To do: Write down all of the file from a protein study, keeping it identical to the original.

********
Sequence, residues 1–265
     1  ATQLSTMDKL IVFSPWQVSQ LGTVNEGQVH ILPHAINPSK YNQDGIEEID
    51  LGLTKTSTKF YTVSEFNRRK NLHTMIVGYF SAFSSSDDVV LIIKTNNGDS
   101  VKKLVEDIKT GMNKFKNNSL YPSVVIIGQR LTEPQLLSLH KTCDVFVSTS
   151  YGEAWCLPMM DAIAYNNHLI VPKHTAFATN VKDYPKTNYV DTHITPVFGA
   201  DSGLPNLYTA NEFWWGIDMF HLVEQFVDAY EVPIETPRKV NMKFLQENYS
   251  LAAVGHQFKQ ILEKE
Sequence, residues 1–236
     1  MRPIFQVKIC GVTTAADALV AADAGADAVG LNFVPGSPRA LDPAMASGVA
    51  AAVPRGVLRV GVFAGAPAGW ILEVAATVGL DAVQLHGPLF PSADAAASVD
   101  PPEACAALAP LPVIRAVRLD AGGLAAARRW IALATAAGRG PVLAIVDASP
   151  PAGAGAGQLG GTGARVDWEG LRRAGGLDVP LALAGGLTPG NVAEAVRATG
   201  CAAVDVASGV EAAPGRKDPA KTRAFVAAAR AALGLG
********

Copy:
Sequence, residues 1–265
     1  ATQLSTMDKL IVFSPWQVSQ LGTVNEGQVH ILPHAINPSK YNQDGIEEID
    51  LGLTKTSTKF YTVSEFNRRK NLHTMIVGYF SAFSSSDDVV LIIKTNNGDS
   101  VKKLVEDIKT GMNKFKNNSL YPSVVIIGQR LTEPQLLSLH KTCDVFVSTS
   151  YGEAWCLPMM DAIAYNNHLI VPKHTAFATN VKDYPKTNYV DTHITPVFGA
   201  DSGLPNLYTA NEFWWGIDMF HLVEQFVDAY EVPIETPRKV NMKFLQENYS
   251  LAAVGHQFKQ ILEKE
Sequence, residues 1–236
     1  MRPIFQVKIC GVTTAADALV AADAGADAVG LNFVPGSPRA LDPAMASGVA
    51  AAVPRGVLRV GVFAGAPAGW ILEVAATVGL DAVQLHGPLF PSADAAASVD
   101  PPEACAALAP LPVIRAVRLD AGGLAAARRW IALATAAGRG PVLAIVDASP
   151  PAGAGAGQLG GTGARVDWEG LRRAGGLDVP LALAGGLTPG NVAEAVRATG
   201  CAAVDVASGV EAAPGRKDPA KTRAFVAAAR AALGLG